NASCAR DFS Picks for DraftKings – 2017 Toyota/Save Mart 350

Welcome to another edition of ResearchFantasy’s NASCAR Breakdown. These picks are what I consider to be the best play of the day, relative to their price. One of the most important things we must consider in daily fantasy is how many points a player gets per dollar. It helps us identify value plays to pair with studs that we know will produce in order to maximize our potential points in lineups. I also try to identify plays that can be used in either cash games or tournaments. Typically, when I build my cash games, I am looking for players that have the best floor combined with good upside. If you have any questions, comments or suggestions, please let us know!

This is our first road race of the year, as there are only two on the schedule. Because this is a road track, we get some guys in the entry list that we normally don’t see, as they specialize in the road tracks. This includes guys like Boris Said, who has been showing up for these races forever, and new entrants like Billy Johnson and Alon Day. This is also the first time we will see stage racing at a road course.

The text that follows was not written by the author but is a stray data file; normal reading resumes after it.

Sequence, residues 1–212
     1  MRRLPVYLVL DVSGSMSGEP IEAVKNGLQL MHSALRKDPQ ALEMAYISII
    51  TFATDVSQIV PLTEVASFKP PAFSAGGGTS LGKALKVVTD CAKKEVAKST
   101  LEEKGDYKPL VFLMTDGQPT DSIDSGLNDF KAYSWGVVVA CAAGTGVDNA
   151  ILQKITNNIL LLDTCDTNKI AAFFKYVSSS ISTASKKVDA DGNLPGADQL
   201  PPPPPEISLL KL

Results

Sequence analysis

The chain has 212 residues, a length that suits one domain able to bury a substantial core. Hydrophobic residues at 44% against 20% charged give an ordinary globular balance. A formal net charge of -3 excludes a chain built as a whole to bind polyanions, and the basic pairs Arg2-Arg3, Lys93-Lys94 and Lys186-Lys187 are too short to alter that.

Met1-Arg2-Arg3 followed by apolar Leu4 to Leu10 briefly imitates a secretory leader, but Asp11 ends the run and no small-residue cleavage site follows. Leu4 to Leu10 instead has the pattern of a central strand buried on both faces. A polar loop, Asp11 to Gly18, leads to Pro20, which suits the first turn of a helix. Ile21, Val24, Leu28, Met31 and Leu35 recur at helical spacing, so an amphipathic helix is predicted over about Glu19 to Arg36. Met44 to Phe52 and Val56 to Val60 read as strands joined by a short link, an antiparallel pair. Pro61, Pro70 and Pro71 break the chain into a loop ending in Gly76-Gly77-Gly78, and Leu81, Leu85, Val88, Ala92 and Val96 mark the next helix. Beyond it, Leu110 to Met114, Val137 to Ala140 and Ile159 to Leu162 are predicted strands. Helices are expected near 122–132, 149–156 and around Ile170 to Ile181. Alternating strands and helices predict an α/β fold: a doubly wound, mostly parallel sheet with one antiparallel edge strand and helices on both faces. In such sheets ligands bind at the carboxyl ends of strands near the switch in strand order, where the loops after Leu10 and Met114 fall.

A little bit about the stage racing: I LOOOOOOOOOOOVE Michael Waltrip. Not only is he the best commentator in all of sports, but he has insights like none other due to he and his families long history in the sport. He brings up a good point about how things can pan out with the stages. Those sitting probably 15th on back who have no shots at stage points will likely take to the pit right before pit road closes. This will, for the most part, force the hands of those who didn’t pit because they were chasing stage points to do so after the completion of the stage.

I know what you’re thinking: why is this any different? Well, Sonoma is a course where you aren’t going to lose laps pitting with green flag cautions. When these drivers pit at lap 22, they aren’t going to lose a lap, and they won’t be taking a pass through lap on the stage caution to stay on the lead lap. Rather when the stage winners pit, those other cars will take the positions of the leaders who just pitted, and they will start in the back.